Diverse authors of famine states have highlighted a complex of behaviours which humans display when starving. This was labeled a 'delirium of inanition', by earlier authors, and renamed 'starvation neurosis' by the researchers of the 1950 Minnesota experiment on semi-starvation (Sorokin (1941:31; Keys et al 1950). In this part of the paper I show that the same symptoms, used by psychiatry to claim anorexia nervosa as a mental illness, constitute that complex of behaviours displayed by humans when starving. These symptoms come to natural attrition on re-feeding.

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In 1950, scientists from the University of Minnesota published results of the most complete study on semi-starvation ever attempted. Their experiment documented the effects of prolonged fasting on the nervous system, the circulatory system, on glandular and neuromuscular functions as well as the psychological and behavioural effects of prolonged fasting, as revealed by testing, observation, and subjective report. Known as the Keys et al, experiment, its results were based on the responses of 36 male volunteers, later referred to as the Minnesota Men, who were, put into a state of chronic semi-starvation for a period of months (Keys et al 1950).

The men’s psychological symptoms included restlessness, increased tolerance to heat, loss of hair, lanugo or the appearance of fine downy hair (especially on the arms and face), constipation, oedema, nocturia, polyuria, sleep disturbance (with early morning awakening), a sensation of ringing in the head, increased sensory perception and periodic quickening effects experienced as elation, euphoria or blissful well-being. The men's physical activity initially stayed high, with some men exercised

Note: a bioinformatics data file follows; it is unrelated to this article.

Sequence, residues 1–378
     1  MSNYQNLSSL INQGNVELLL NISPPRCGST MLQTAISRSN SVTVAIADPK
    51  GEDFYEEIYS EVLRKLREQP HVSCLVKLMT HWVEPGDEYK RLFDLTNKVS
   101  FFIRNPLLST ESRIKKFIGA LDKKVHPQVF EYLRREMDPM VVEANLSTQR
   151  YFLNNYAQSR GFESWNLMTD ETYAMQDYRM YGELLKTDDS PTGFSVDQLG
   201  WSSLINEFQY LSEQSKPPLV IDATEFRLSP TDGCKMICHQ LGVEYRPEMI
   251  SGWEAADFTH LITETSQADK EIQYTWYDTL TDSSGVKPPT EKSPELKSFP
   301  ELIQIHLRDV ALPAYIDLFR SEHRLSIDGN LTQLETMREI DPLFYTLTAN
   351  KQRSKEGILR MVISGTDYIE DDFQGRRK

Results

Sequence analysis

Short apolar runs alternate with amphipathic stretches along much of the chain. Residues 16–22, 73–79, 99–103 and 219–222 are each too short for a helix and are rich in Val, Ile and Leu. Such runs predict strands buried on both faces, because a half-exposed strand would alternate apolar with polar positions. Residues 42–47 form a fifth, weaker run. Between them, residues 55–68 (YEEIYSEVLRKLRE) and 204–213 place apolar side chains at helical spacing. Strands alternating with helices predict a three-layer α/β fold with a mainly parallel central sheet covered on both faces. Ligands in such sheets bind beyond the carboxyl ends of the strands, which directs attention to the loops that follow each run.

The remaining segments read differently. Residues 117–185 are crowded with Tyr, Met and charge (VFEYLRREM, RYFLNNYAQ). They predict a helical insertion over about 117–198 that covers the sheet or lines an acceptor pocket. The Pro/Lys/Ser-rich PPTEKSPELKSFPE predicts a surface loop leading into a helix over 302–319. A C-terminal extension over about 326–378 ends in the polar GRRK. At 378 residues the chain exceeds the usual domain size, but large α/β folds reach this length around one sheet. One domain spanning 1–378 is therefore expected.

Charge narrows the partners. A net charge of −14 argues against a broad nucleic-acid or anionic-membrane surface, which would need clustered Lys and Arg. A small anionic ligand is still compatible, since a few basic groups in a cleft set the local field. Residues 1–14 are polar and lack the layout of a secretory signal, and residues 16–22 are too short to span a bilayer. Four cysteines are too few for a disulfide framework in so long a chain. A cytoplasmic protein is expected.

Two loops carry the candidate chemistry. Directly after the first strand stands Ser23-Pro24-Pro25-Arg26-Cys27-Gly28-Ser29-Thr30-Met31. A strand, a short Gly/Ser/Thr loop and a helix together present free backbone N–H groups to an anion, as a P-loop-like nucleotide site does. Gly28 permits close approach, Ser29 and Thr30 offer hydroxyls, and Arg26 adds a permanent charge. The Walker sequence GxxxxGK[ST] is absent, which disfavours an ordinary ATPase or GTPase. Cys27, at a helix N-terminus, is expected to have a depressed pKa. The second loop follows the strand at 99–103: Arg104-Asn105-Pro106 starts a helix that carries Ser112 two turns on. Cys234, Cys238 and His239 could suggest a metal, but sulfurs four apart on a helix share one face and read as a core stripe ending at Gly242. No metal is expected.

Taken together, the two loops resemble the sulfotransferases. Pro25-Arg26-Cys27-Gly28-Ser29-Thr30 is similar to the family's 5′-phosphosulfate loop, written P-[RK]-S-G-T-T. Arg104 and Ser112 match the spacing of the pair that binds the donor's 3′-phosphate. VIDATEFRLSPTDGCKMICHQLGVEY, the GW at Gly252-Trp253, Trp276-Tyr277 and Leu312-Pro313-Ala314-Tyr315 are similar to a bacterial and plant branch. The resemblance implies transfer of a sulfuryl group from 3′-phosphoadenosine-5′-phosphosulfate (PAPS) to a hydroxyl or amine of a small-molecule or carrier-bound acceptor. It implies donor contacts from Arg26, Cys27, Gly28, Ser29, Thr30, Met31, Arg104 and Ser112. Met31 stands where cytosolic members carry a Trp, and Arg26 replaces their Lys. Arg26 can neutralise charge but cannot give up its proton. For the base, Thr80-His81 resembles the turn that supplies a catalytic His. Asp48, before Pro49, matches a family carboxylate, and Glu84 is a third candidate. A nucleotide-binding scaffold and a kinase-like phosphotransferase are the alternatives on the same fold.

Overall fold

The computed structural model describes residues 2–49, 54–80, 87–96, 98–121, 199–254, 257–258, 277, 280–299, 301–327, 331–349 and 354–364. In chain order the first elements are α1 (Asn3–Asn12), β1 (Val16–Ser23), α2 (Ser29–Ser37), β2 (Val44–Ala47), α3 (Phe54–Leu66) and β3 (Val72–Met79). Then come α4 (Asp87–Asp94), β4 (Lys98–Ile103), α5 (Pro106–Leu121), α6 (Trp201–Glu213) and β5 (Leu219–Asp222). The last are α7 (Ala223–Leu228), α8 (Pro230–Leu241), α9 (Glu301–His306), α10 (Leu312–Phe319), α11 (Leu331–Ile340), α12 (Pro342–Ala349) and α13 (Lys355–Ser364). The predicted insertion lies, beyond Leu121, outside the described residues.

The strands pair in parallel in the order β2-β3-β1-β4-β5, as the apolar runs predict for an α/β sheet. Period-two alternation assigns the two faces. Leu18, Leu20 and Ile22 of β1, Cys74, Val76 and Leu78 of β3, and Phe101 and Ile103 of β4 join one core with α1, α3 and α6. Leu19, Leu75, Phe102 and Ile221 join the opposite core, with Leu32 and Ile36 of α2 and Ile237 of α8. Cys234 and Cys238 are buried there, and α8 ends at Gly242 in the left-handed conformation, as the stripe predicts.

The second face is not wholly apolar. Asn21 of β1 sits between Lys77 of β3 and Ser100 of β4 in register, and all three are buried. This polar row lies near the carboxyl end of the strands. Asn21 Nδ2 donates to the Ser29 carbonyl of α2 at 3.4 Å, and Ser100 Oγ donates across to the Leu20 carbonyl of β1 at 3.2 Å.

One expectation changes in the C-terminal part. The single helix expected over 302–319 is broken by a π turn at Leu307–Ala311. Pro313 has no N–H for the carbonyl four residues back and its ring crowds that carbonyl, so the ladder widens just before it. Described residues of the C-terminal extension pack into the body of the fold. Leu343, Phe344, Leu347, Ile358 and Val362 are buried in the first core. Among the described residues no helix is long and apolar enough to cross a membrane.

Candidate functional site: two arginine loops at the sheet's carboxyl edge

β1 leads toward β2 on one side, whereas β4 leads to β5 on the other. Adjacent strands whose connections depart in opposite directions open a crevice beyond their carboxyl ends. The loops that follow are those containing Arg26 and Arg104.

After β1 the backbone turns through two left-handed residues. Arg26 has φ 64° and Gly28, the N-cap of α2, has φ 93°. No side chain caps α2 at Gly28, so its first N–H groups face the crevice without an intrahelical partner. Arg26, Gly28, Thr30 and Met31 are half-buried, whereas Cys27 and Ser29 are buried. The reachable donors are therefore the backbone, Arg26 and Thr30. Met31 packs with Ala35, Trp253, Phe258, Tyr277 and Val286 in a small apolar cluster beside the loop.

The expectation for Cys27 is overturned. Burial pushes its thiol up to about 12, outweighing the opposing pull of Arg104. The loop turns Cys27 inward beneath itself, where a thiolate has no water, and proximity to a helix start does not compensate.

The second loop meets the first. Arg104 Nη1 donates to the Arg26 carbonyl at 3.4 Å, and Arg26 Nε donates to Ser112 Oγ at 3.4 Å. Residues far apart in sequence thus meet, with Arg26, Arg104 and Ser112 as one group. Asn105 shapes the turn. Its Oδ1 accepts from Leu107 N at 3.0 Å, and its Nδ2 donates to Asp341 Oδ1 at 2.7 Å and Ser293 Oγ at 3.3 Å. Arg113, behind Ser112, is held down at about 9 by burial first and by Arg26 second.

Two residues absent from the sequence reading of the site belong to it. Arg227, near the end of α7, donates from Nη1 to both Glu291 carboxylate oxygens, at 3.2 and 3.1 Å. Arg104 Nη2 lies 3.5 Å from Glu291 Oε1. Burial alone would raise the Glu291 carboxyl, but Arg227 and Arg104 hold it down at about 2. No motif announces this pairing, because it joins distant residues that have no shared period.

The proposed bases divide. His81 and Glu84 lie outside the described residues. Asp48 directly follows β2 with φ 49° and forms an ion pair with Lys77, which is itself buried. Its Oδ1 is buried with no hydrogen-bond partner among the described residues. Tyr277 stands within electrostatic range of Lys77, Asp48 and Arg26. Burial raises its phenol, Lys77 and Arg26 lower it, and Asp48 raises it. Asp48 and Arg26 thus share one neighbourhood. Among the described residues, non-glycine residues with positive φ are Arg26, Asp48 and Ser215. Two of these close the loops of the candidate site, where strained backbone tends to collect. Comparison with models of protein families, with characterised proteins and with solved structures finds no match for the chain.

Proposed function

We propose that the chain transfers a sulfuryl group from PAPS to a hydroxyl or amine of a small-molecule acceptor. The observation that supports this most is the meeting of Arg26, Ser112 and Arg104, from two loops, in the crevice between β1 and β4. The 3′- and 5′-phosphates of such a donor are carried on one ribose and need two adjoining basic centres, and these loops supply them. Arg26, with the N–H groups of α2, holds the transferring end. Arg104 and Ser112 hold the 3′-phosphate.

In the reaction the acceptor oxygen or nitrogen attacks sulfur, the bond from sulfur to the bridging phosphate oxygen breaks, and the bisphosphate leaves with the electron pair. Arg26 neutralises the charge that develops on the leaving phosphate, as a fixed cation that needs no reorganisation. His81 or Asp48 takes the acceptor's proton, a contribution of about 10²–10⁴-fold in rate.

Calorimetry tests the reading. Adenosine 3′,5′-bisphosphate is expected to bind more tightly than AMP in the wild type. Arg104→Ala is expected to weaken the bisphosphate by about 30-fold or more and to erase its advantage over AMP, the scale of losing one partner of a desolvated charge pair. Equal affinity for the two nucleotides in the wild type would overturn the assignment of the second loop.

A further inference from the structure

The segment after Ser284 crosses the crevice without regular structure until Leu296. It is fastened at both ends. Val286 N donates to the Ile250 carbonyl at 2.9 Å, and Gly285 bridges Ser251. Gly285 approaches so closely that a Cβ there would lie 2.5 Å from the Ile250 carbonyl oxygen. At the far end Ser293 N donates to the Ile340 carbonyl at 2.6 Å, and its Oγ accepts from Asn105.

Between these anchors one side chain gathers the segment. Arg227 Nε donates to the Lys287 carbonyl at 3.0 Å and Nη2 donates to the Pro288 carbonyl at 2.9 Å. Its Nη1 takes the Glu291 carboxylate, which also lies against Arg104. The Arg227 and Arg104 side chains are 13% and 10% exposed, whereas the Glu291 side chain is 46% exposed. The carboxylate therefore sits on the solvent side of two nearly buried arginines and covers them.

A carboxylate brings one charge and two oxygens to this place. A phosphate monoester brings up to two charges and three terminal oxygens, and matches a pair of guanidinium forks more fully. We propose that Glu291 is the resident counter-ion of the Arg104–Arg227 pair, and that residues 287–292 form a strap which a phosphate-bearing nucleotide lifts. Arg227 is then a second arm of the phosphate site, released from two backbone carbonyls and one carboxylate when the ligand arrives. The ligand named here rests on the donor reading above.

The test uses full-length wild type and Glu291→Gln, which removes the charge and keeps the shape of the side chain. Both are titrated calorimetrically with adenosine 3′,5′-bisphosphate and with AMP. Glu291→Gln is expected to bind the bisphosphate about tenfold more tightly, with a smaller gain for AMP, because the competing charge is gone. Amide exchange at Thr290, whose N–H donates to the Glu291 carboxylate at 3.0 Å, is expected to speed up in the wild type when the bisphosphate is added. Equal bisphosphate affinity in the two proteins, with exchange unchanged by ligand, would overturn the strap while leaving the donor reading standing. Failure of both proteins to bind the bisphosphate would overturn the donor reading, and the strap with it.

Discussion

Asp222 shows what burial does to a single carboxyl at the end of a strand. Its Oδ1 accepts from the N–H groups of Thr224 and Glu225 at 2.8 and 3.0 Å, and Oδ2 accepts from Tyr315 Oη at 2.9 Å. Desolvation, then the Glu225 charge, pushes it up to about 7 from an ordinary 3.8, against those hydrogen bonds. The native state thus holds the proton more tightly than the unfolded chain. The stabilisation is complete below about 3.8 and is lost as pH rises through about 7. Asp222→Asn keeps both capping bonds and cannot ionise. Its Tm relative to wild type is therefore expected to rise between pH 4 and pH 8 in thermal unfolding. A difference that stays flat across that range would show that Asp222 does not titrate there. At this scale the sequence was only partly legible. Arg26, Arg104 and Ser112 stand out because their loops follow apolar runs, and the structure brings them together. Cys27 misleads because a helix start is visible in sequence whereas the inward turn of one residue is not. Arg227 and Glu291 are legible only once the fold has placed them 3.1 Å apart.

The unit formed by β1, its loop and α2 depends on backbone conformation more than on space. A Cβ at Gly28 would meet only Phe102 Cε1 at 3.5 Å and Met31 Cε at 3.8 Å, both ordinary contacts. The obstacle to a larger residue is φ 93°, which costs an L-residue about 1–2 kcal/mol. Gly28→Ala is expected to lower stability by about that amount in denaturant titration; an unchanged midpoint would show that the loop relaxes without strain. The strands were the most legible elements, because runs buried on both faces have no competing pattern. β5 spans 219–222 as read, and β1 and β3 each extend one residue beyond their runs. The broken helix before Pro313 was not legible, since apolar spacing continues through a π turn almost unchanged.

deliberately to help improve the weight loss. Later, most men felt weak and tired easily, experienced fatigue and avoided physical exertion. They experienced periods of depression and became discouraged by their inability to sustain mental and

physical effort. After several months they developed the apathetic, mask-like appearance of famine victims (Hockey 1969:27).

The men initially experienced a feeling of success at adjusting to the semi-starvation routine. Their intellectual achievement remained fairly constant but in the later stages of the experiment the men complained of lack of initiative, labile mood,

quarrelsomeness, uneasiness, hunger feelings, irritability, anger, outbursts of temper, anxiety, depression and withdrawal from social contact ix. They became reluctant to make decisions or participate in group activities, spent more time alone, became self-centred and inward looking, felt restless, sensitive to noise and markedly nervous. Withdrawal from social contact in the anorexic is described alternatively as

narcissistic or anti social and treated as further evidence of her mental illness. The Minnesota Men noticed a decrease in sexual fantasy, feelings and interest, or impotence (some of the men welcomed this release as it removed the sexual conflict imposed on them by their religious or moral ideals). Eastern and Western ascetics, have been aware that the preservation of their virginity could be achieved by being sparing or practicing abstinence in food and drink (Bell, 1985, Rampling 1985, Bynum 1987 Foucault 1977/84; MacDermot 1971; Musurillo 1959; Runciman 1949,

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6 Low 1950:513). Yet the 'loss of libido' associated with the physical condition of starvation is interpreted in the anorexic girl as' a rejection of femininity'.

The men in the Minnesota experiment, claimed food in all its ramifications became the central topic of their conversation.x Thinking and dreaming of food, experiencing a narrowing of interests and relinquishing that which was not food related ('focused thinking' is well documented as a symptom of famine) (Sorokin (1943:19). They:

1. started to read menus, collect recipes, spent hours deciding how to handle their day's allotment of food,

2. found themselves suddenly angry at food wastage, and described how they gained vicarious pleasure from watching others eat and food smells,

3. found themselves involved in strange and bizarre eating habits and tastes, (such as using unusually large amount of condiments to enhance flavours and stretch the amount of food,

4. Started drinking enormous quantities of liquid, and indulged in ritualised tea and coffee drinking,

5. picked up crumbs, licked their fingers and plates in spite of coming from 'refined homes' where this was not-acceptable behaviour,

6. Toyed and dawdled with food to make it last longer.

Like many anorexics they also retained a post-starvation interest in food, which often expressed itself in seeking jobs in the food industry or in an inability to withstand food wastage. Many of them began to save money for a rainy day to avoid the fear of being without food at a later date. xi